LASIK (laser-assisted in-situ keratomileusis) is one of the most common eye surgeries for myopia, hyperopia and astigmatism treatment. This procedure involves corneal reshaping to allow the light that enters the eye to be focused properly onto the retina for improved vision.
Before the Procedure
To determine whether you are a good candidate for a LASIK surgery, your eye doctor will perform a comprehensive eye exam. They will evaluate the shape and thickness of your cornea, pupil size and refractive error. Your eye specialist may also suggest precautionary treatment to minimize the risk of developing dry eyes after LASIK.
During an eye exam, your vision specialist will also use a corneal topographer to gauge the curvature of the front surface of the eye and create an outline of your cornea. Other options will be discussed such as orthokeratology to address myopia issues
During LASIK Surgery
A microkeratome or femtosecond laser will be used to create a thin, circular flap in the cornea during a LASIK surgery. Your eye doctor will then fold back the hinged flap to access the stroma and eliminate some corneal tissue using an excimer laser. This type of laser utilizes a cool ultraviolet light beam to reshape the cornea.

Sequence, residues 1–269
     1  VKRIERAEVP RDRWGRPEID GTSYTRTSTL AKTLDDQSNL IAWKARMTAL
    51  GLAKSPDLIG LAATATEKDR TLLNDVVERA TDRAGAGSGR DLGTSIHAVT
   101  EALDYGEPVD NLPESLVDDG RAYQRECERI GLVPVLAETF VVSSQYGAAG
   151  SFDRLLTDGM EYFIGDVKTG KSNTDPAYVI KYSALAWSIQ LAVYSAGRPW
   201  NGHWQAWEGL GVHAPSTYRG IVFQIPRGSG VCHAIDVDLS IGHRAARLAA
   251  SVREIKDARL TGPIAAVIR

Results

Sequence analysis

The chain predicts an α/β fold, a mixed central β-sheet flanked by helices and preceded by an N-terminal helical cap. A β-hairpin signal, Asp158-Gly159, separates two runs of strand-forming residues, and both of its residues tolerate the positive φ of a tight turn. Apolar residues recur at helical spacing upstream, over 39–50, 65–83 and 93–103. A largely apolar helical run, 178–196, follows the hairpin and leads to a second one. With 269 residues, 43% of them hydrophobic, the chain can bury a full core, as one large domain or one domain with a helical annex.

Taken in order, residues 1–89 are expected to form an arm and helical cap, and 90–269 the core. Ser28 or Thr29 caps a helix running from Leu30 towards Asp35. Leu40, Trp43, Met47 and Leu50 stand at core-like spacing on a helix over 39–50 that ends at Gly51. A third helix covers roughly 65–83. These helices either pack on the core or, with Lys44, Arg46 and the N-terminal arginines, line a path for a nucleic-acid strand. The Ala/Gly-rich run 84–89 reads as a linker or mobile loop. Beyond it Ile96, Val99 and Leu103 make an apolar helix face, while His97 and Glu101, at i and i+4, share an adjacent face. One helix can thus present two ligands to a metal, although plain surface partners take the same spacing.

For people with nearsightedness, the goal of your vision correction specialist is to flatten the cornea. A steeper cornea, on the other hand, is ideal for patients with farsightedness.
After the LASIK procedure, your vision may be blurry and hazy. This, however, should improve the next morning. Your eyesight should then stabilize within a few days. Eye doctors also recommend avoiding strenuous activities that may traumatize the eye and affect healing. Most patients achieve 20/20 to 20/40 vision after the LASIK treatment.
To learn more about LASIK and other vision correction procedures such as orthokeratology, contact your local myopia treatment specialist.